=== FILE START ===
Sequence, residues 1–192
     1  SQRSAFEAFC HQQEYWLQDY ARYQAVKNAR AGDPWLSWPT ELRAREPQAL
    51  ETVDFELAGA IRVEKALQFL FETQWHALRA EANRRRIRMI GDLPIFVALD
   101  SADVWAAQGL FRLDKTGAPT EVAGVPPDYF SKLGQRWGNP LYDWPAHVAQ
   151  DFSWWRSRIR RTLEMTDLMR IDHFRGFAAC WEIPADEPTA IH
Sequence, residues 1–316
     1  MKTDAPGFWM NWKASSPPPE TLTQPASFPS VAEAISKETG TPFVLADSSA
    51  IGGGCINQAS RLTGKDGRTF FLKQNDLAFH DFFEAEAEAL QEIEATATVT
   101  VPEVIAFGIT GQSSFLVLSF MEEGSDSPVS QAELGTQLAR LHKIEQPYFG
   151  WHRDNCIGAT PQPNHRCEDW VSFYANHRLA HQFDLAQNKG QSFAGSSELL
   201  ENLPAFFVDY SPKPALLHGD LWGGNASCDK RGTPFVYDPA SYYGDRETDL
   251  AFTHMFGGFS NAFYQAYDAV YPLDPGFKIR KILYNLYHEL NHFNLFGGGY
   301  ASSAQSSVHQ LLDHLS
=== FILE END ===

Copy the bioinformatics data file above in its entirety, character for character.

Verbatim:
Sequence, residues 1–192
     1  SQRSAFEAFC HQQEYWLQDY ARYQAVKNAR AGDPWLSWPT ELRAREPQAL
    51  ETVDFELAGA IRVEKALQFL FETQWHALRA EANRRRIRMI GDLPIFVALD
   101  SADVWAAQGL FRLDKTGAPT EVAGVPPDYF SKLGQRWGNP LYDWPAHVAQ
   151  DFSWWRSRIR RTLEMTDLMR IDHFRGFAAC WEIPADEPTA IH
Sequence, residues 1–316
     1  MKTDAPGFWM NWKASSPPPE TLTQPASFPS VAEAISKETG TPFVLADSSA
    51  IGGGCINQAS RLTGKDGRTF FLKQNDLAFH DFFEAEAEAL QEIEATATVT
   101  VPEVIAFGIT GQSSFLVLSF MEEGSDSPVS QAELGTQLAR LHKIEQPYFG
   151  WHRDNCIGAT PQPNHRCEDW VSFYANHRLA HQFDLAQNKG QSFAGSSELL
   201  ENLPAFFVDY SPKPALLHGD LWGGNASCDK RGTPFVYDPA SYYGDRETDL
   251  AFTHMFGGFS NAFYQAYDAV YPLDPGFKIR KILYNLYHEL NHFNLFGGGY
   301  ASSAQSSVHQ LLDHLS